She always used to save her cans for us, so when we visited she would have several huge bags of aluminum for us to take to the recycling place. We would take the earnings from her stored-up can-shaped love and buy candy at the little old store with its long counter. I would spend a whole week eating fireball after fireball, till I could suck the entire spicy hot thing down without once spitting it out and taking a drink.
Always she had donuts in the drawer, and our favorite cereals, and treats in the pantry. With her shaking hands, she shaped her love into pies and sandwiches and mashed potatoes.
She would sit every morning in her chair under the microwave up on the high shelf and take her breathing treatment as the smell of coffee wafted through the house.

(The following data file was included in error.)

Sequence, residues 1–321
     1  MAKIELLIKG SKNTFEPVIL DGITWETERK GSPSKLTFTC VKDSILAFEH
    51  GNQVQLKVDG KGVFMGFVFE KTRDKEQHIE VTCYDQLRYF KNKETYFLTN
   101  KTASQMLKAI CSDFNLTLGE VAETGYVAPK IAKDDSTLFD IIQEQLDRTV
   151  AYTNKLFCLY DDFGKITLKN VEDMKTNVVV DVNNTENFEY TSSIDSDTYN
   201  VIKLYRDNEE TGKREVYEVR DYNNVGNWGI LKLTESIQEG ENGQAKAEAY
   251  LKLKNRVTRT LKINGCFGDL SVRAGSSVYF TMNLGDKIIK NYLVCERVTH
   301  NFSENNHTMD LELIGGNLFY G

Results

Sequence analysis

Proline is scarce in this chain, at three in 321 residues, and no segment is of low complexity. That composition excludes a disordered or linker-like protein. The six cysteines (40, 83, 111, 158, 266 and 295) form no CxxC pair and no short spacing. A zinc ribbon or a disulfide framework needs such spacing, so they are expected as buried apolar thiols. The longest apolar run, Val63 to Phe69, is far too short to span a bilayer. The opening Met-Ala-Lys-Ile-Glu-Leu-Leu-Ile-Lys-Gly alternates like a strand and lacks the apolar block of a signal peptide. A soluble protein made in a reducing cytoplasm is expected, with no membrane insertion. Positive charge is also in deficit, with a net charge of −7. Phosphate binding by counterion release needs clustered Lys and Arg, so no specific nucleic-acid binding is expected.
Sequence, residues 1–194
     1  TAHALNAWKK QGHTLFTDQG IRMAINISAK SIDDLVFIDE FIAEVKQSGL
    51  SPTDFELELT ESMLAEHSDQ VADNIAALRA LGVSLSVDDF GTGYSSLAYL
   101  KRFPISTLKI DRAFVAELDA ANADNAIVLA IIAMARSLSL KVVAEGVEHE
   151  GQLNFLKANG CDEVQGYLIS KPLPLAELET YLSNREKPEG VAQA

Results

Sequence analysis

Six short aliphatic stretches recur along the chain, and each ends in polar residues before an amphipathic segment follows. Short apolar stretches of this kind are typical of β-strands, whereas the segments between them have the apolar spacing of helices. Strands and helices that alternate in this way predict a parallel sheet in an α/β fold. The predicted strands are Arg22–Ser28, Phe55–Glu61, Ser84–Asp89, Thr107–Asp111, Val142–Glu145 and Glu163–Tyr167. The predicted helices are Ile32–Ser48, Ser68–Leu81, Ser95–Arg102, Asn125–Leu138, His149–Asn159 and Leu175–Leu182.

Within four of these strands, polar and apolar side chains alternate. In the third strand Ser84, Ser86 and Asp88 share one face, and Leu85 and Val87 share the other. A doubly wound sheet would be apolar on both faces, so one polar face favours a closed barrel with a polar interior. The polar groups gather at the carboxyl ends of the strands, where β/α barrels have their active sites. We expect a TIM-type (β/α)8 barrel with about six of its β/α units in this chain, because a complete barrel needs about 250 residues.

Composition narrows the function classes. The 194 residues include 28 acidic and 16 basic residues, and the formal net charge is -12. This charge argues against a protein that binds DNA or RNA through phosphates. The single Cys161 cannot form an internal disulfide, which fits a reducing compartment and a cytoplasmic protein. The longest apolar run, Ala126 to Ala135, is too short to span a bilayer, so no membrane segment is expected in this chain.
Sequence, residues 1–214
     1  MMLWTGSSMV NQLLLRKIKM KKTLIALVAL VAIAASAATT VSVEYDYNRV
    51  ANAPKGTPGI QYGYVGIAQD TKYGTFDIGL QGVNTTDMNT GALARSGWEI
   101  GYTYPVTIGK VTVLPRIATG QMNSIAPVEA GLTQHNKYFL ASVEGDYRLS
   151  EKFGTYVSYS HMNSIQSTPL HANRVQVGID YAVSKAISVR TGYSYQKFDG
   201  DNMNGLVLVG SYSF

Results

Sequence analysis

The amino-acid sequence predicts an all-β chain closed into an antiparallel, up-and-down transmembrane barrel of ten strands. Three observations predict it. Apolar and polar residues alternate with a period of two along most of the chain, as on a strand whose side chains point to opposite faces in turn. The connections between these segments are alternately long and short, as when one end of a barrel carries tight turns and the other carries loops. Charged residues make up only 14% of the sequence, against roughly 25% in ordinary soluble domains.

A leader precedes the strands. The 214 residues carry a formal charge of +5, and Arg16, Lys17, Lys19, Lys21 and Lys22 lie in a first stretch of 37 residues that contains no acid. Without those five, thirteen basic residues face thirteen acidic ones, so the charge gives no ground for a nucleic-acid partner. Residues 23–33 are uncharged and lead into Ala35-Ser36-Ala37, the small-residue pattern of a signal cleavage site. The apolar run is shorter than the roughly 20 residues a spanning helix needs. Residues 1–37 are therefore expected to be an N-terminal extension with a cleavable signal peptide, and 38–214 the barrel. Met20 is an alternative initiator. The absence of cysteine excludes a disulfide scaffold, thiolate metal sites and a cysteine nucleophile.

She used to let me lay long on her counter with my head in the sink, and she would wash my hair, massaging my scalp with her long, beautiful fingernails. She has always had the prettiest hands, and as I got older and people told me I had her hands it was a high compliment to me. Now my hands are marred by disease, but if I close my eyes I still feel her hands running cool water through my hair.
She was always busy– always motivated to work and clean. She thought the TV was a silly waste of time and would talk all through Little House on the Prairie on hot summer mornings while Laura and I tried to watch.
She never complained about the noise when we plunked out loud tuneless songs on her piano, or raced up and down her hall to slide to a finish on the shiny wooden floor.
She has a disease now– leukemia. Discovered almost by accident.
But disease and curse and fear cannot steal sweet memories.
I love you Grandma. Thank you for being one of the sweetest, strongest, most amazing women I know.
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